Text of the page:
Sharing some of the pictures of the food that I cooked in my Kitchen in the recent past. It was a great time creating this art on my food and thought to go ahead and share it today and not wait for the recipe post to be written. It will follow eventually but until then do enjoy these pics.
It has been so much fun to create these recipes and each of these food moments was memorable. Trust you all too enjoyed these images as much as I loved creating them.
Hope all are keeping safe and enjoying healthy eating.
Finally, after a very long Summer break, the schools here have reopened on the 10th of September. This reminded me to make this post of my regularly cooked recipe, the most preferred school lunch snacks/meals, read it as food that is readily welcomed by my fussy eater. To keep lunch box as healthy, nutritious and as well as filling, I always have preferred to pack different types of parathas or wraps or rolls as part of the afternoon meal, using the ingredient list that my kids like. Sharing today my Paneer Paratha recipe, one of the favorite food of my kids.
I use the fresh paneer for making the filling and the wholewheat flour dough for making the outer paratha coat. The parathas are made thin and medium-sized and ghee roasted to make them crisper. I don’t like very big and thicker parathas, keeping them medium and thin helps to control the portion size and one avoids eating in excess. One should use these simple and useful tips and watch the quantity intake of the food they eat at any given meal. It is a general tendency with all of us to eat in excess when one likes something or is eating a favorite food.
INGREDIENTS: For Paneer Filling:
Fresh Paneer (cottage cheese) : 300 gm
Onion: 1 Medium
Green chilies: 2-3 nos
Green Coriander: few leaves
Cumin : 1 Tsp
Salt & Pepper : To taste
Ghee/Cooking oil: As per taste preference
Dough: (Click the link for fulka to make the dough)
Wholewheat flour: 200 gm
Water: 100 ml (or as needed)
Note: Follow the above given recipe link to make the paratha dough.
Filling: Grate the paneer and keep in bowl. Finely chop the onion, green chilies and the coriander, and mix with paneer. Add the cumin as it is or use a coarsely, roasted powder. To make the cumin powder, dry roast the cumin and coarsely crush it using mortar and pestle or simply ground it using the rolling pin. Season the paneer with salt and pepper as per taste. One can also add chat masala powder if preferred.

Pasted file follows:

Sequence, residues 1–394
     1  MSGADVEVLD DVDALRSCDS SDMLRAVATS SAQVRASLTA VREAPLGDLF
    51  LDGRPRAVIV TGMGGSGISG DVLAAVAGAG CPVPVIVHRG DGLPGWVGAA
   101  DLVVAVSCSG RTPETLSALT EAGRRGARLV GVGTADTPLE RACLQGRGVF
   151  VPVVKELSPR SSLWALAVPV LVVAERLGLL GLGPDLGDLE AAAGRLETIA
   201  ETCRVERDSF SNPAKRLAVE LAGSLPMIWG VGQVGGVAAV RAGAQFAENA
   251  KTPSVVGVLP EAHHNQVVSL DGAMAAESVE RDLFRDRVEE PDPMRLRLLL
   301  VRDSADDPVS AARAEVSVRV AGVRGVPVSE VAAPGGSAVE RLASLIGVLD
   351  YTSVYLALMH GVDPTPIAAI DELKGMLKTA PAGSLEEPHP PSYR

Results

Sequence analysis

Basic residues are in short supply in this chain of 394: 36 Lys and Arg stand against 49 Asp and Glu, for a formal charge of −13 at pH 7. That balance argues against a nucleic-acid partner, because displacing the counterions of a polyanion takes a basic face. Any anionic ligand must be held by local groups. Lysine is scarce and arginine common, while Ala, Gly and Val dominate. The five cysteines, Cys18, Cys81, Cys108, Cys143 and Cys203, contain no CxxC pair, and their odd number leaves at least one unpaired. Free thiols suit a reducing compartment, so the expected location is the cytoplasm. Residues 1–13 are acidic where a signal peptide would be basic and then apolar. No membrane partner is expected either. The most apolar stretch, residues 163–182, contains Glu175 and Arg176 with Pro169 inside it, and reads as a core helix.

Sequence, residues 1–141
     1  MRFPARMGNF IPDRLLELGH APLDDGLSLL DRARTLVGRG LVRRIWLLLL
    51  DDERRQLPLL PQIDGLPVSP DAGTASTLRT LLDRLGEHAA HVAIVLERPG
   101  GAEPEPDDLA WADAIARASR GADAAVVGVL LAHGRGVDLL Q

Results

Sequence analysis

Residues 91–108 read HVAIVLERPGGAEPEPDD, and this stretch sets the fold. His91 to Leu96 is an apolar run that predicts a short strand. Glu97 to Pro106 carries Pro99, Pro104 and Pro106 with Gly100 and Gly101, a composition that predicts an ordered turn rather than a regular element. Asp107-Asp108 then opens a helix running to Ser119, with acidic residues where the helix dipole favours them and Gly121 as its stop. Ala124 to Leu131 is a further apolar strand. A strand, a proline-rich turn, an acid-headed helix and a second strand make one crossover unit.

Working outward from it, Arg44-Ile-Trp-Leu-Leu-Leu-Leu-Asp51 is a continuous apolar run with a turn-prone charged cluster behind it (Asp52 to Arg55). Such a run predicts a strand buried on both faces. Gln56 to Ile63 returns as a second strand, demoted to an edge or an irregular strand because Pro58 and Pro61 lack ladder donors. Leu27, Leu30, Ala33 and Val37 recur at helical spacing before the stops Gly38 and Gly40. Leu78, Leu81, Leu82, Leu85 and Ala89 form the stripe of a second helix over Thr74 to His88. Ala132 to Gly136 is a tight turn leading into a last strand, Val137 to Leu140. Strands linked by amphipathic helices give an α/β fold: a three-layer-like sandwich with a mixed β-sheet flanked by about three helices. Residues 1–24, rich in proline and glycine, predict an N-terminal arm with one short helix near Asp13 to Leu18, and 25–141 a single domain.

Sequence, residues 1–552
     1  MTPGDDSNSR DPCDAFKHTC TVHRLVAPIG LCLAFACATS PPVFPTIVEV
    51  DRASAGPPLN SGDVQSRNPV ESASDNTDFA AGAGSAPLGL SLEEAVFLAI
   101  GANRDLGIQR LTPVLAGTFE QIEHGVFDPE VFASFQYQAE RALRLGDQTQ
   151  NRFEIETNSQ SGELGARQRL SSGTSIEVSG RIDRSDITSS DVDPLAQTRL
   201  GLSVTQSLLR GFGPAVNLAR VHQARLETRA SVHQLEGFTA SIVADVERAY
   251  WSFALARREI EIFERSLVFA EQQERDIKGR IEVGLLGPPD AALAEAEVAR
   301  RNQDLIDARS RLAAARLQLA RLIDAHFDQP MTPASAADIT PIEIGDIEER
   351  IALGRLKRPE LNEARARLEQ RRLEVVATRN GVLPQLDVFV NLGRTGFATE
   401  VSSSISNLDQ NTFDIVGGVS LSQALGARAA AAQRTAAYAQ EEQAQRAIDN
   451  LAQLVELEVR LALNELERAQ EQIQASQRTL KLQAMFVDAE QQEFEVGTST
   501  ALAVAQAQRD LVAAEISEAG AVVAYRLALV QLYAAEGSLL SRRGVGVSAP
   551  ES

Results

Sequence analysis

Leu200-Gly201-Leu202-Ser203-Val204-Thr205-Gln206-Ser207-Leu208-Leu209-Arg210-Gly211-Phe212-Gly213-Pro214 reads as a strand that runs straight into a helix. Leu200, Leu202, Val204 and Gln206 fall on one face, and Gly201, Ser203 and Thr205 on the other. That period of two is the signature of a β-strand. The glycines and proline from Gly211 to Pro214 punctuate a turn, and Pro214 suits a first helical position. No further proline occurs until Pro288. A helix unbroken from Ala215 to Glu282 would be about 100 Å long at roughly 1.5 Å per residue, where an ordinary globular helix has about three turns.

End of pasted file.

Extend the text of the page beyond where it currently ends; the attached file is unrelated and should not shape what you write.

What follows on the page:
Make the medium soft dough of the wheat flour, and use lemon-sized dough balls for making the parathas.
Roll the ball to make a small puri and fill 3 tbsp filling into this.
Hold the ends of the puri and giving a circular twist close it tightly and cut away the excess dough from top.
Dust this paneer-filled dough ball lightly in flour and then using a rolling pin roll it into a medium-to-thin paratha.
Heat a Tava or fry pan on the gas burner, put the paratha on the tava and cook on both sides.
Then using a tsp of ghee on both sides, roast it to make it crisp and golden. One can also use any cooking oil for roasting the parathas.
Serve the parathas as is or cut it into triangles using a pizza cutter and arrange on a plate as shown. Serve with any chutney or tomato ketchup as per preference.
Give this paratha a try in your kitchen to find out if you all like the taste. Happy cooking and eating homemade food.
For me traveling to different places necessarily also includes tasting the local cuisine and getting to know the names of their food dishes. During my recent Budapest visit, one of the days we ate at the local street food restaurant and the sight and taste of their flatbread totally made me think of our very own Bhaturas. They called it Lángos, it is the Hungarian street food that is a deep-fried flat bread made using refined flour, yeast, water or milk. They also use potato and sour cream or yogurt to make this and the name changes accordingly.